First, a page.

1. Strength of Alliances: Second, we have to reinvest in our proven allies in Europe and the Far East. There could not be a starker choice between all three of Mrs. Clinton’s opponents. Donald Trump yesterday announced his basic tenets of the “America First Doctrine” calling for our allies to obtain nuclear weapons, disengaging from NATO, and cooperating with China and Russia. He has attacked free trade, and called for US forces worldwide to downsize and return home, despite their necessity to enforce our economic priorities around the globe. Even as basic as changing the ways we talk about foreign policy, treating strategic negotiations as real estate and business deals, Trump is calling for America to return to its old, pre-World War II isolationism. Boiling down the rhetoric, America First is a contradictory call to focus on rejuvenating American power at home by having our allies pick up the bill, but still owe reverence to American leadership in retreat.
  1. Reproach with enemies: We must also follow through in good faith working with our enemies, including Iran and Russia, to contain conflict in the Middle East. If you were looking to Ted Cruz to provide an alternative to Hillary Clinton, the Republican Primary has pushed him to meet Mr. Trump on many of the same populist themes. Carly Fiorina, his recently announced pick for Vice President, echoed a need to invest at home and fight free trade. The major departure for Cruz is his overemphasis on military power and wielding Teddy Roosevelt’s “Stick” against ISIS, Iran, and China.  Discarding the “speak softly,” part of T.R.’s famous dictum, Cruz’ leadership would be a triumphal victory for neo-conservatives, but cede the moral leadership that is essential for the post-Cold War consensus to those who are competing for global leadership. But with Cruz’ near defection to Trump’s camp has shown one important event in the 2016 narrative, large sections of the electorate are rebelling against the foreign policy consensus, hoping to move to that impossible place where America remains the leader of the free world while expecting other to simply acknowledge this and foot the bill for American protection.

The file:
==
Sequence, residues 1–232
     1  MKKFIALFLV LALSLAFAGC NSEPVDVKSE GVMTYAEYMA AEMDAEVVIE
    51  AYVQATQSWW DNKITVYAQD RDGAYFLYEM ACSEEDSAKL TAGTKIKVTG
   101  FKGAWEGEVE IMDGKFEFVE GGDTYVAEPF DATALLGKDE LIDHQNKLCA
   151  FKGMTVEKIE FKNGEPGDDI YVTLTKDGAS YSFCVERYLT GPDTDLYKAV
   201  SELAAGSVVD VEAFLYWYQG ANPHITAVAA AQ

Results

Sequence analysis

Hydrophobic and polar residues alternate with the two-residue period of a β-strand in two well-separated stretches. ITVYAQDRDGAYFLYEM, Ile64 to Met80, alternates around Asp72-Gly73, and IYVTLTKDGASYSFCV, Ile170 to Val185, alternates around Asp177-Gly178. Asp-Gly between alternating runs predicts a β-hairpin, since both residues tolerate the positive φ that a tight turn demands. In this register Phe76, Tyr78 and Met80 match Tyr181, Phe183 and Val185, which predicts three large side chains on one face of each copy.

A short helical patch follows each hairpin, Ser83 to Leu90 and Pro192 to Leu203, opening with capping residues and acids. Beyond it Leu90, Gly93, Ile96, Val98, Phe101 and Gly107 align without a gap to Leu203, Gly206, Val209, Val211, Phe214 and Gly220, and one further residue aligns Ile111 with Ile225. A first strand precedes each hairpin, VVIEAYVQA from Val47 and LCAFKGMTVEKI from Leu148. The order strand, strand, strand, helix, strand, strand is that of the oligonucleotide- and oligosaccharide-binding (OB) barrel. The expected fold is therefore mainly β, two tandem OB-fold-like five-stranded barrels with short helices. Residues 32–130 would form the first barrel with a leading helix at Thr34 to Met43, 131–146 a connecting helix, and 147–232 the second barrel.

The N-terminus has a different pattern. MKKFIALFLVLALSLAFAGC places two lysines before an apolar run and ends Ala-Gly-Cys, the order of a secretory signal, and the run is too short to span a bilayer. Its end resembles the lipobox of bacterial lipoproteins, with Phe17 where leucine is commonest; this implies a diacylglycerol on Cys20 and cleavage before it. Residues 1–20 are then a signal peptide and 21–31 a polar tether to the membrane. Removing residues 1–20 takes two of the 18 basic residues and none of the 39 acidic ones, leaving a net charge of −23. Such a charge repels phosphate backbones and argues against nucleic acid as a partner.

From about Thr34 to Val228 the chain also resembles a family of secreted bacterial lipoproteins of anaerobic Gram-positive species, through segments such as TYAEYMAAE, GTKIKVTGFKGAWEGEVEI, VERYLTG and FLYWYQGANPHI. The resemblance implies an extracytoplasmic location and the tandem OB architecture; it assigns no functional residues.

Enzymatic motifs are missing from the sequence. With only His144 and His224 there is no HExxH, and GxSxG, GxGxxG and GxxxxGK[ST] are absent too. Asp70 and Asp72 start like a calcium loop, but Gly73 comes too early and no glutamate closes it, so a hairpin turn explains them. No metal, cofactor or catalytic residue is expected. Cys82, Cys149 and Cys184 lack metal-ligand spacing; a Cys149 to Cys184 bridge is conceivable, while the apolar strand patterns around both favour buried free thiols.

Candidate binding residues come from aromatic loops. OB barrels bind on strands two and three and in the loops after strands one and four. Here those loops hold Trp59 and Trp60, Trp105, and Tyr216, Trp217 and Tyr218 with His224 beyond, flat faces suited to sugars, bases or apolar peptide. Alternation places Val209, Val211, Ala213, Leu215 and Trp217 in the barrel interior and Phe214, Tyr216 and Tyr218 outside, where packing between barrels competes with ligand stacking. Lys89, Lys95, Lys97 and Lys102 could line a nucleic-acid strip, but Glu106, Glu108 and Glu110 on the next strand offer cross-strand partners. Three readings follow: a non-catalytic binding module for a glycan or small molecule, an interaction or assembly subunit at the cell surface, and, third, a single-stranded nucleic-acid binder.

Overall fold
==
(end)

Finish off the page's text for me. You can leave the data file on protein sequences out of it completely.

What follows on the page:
Our Principles

If we look back in history, great powers have come and gone, each leaving a mark on the world through their own system of values, applied through force of will. The great powers rose to great prominence, and then declined through political, economic, or moral weakness , dismembered or destroyed. The cyclical nature of history would indicate that we are entering a period of American decline, and that the current process of decline is not just economic weakness, but a social question of what our leadership role should be. Those on the side of Trump, Sanders, and Cruz are asking if American commitments to free trade have been worth the loss of thousands of manufacturing jobs and the flight of corporate investments overseas. The continued political turmoil in Europe, China’s bucking of international norms in its island building campaign in the South China Sea, and the disintegration of Iraq and Syria were presented as proof by Trump that America’s allies may not be worth the investments.